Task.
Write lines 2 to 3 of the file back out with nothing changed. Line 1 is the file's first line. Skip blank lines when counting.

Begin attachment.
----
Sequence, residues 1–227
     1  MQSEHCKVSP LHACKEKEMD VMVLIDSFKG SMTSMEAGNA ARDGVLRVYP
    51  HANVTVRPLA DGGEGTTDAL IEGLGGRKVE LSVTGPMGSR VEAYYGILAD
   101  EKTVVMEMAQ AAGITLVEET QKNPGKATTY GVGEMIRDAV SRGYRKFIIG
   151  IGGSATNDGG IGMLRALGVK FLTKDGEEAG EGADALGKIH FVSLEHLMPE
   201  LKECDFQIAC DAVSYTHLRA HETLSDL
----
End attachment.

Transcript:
     1  MQSEHCKVSP LHACKEKEMD VMVLIDSFKG SMTSMEAGNA ARDGVLRVYP
    51  HANVTVRPLA DGGEGTTDAL IEGLGGRKVE LSVTGPMGSR VEAYYGILAD